“Come in!” Welcoming the interruption, Kathryn set her PADD on the desk and stretched her back. One of the most advanced ships designed by the best engineers in Starfleet – and her body still protested a workday spent reading Ops reports and crew duty assignments.
The door to her Ready Room slid open, and Seven of Nine stepped inside.
Something was bothering her. Kathryn had learned to recognize some of Seven’s micro expressions. The slight furrow of her brow and the extra starch in her already rigid posture.
“Seven? Is everything alright?” Gesturing to the chairs on the opposite side of her desk, she waited with outward calm and patience. While Seven eschewed most human emotions, Kathryn often found herself a sounding board for Seven’s growing curiosity about her fellow crewmembers.
For a moment, Seven appeared to have changed her mind. She took a step backward, triggering the door. It slid open to reveal the normal ebb and flow of Bridge personnel at their duty stations.
Kathryn slowly stood. She walked around her desk and leaned against the corner nearest Seven. “Would you rather we talked in Cargo Bay Two?” In moments of true crises, Seven found the Borg alcoves reassuring.
“No.” Seven appeared to come to a decision. “This location will suffice.” Then she tacked on, “Thank you, Captain.”
“Of course.” Seven’s flat and sometimes brusque delivery amused Kathryn; although, she fielded daily complaints from her crew. “Why don’t we use the couch? My back will be happy for the change in venue.”
Seven stared at Kathryn. “I was unaware that human physiology allowed for communication between its various systems.”
Kathryn settled onto the far end of the couch with a sigh. Much more comfortable. She should have brought a cup of peppermint tea to enjoy while they talked. “It’s a simple figure of speech, Seven. I’m afraid the human body hasn’t evolved that far just yet.”
She waited while Seven perched stiffly on the other end of the couch. “Now, tell me what’s brought you here.”
“I would like to speak about the crew’s reaction to Neelix’s reactivation,” Seven said after a moment of silence. “When I discovered that there was a statistical probability I could…save him,” her expression hadn’t changed, but Seven’s words held a hint of discomfort at the less than scientific phrasing, “I believed the crew would wish me to do so.”
Seven rarely approached Kathryn with easily answered questions or concerns. This was no exception. “I take it some of them did not?” Hopefully, none of the crew had directly approached Seven. Seven would never physically hurt anyone, but she could push emotional buttons with her tone-deaf responses in emotional situations.
“Several.” Seven didn’t elaborate.
“Have you changed your mind about the decision to save Neelix?” It was a question Kathryn had asked herself a million times over the past several days. She had given the final command, approving the untested procedure.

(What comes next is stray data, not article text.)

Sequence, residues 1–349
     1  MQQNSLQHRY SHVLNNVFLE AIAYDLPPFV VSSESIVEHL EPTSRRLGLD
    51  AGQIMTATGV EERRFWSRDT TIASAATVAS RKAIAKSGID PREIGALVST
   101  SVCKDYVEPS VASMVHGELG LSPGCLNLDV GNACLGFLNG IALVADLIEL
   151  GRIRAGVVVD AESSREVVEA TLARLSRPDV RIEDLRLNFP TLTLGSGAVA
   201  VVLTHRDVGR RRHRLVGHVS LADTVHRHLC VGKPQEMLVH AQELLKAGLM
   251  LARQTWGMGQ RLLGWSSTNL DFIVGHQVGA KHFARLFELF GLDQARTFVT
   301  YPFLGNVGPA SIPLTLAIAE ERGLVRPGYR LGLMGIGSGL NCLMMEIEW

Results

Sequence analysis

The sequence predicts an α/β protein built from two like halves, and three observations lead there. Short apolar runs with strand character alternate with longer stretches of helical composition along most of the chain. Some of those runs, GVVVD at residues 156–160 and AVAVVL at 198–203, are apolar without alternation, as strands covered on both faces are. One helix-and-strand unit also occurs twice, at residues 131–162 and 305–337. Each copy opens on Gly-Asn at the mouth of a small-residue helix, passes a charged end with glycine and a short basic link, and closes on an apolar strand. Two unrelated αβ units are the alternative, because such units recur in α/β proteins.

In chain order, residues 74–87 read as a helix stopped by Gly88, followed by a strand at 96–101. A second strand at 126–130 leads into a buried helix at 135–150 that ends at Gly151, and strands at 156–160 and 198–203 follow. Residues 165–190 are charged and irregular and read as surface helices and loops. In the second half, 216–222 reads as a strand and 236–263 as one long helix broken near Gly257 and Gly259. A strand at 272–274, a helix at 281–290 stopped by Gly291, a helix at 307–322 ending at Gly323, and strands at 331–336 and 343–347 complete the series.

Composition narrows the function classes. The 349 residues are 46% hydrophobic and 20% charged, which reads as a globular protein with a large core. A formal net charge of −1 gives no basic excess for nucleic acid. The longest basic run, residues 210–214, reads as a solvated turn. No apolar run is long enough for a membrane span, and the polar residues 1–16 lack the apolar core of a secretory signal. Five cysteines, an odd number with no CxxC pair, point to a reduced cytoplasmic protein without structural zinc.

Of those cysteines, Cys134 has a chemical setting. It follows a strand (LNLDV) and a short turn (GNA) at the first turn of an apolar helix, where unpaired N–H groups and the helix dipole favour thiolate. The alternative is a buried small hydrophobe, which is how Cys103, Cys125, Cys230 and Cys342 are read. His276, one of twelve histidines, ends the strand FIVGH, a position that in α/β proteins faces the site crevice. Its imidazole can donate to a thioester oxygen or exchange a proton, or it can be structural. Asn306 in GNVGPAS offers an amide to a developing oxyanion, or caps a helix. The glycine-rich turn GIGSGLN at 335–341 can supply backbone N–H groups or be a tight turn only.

Seven tilted her head; Kathryn could almost sense the probability calculations and the logical analyses of all possible outcomes. “I do not. It was the most logical decision, given my knowledge of the reactivation process and Neelix’s clear impact on the morale of the crew.”
Kathryn remained silent and waited for the real reason for the visit. Seven understood logical decisions. Emotional ones were much more challenging.
“Why would Lt. Carey believe that decisions of life and death belong in the hands of a supernatural being called ‘God?’ Surely even human medical technology is advanced enough that there is no need to ask for this God’s help?”
Reaching across the space separating them, Kathryn took Seven’s hand. “Many cultures, including humans and Talaxians, believe there is a being or a force that guides their actions. Who guards them from harm and helps them find happiness and fulfilment.”
Seven frowned. “That is not logical.”
“Perhaps.” Rather than argue, Kathryn scooted across the couch until their knees touched. “Humans and many other cultures aren’t ruled by logic. Religion, that belief in the supernatural, gives some of them a measure of comfort. Life is confusing and often frightening. Out of our control despite our technology. Religion is a way to cope with uncertainty.
“I daresay some of the crew might also believe we violated Neelix’s right to choose his own fate.” Kathryn’s recent nightmares had been filled with voices arguing both sides of the argument. “Humans.” She stopped and gripped Seven’s fingers more tightly. “We believe that all beings have the inalienable right to give or deny consent for any decision that affects their life or freedom.”
“We,” Seven echoed. She dropped her gaze to their joined hands. “I am Borg.”
Kathryn raised their hands and kissed Seven’s fingers. “Are you, darling? I believe I’ve glimpsed a few moments of humanity in you recently.”
A small, hesitant smile flickered in response. “Perhaps there have been times where I find my logic has deserted me.”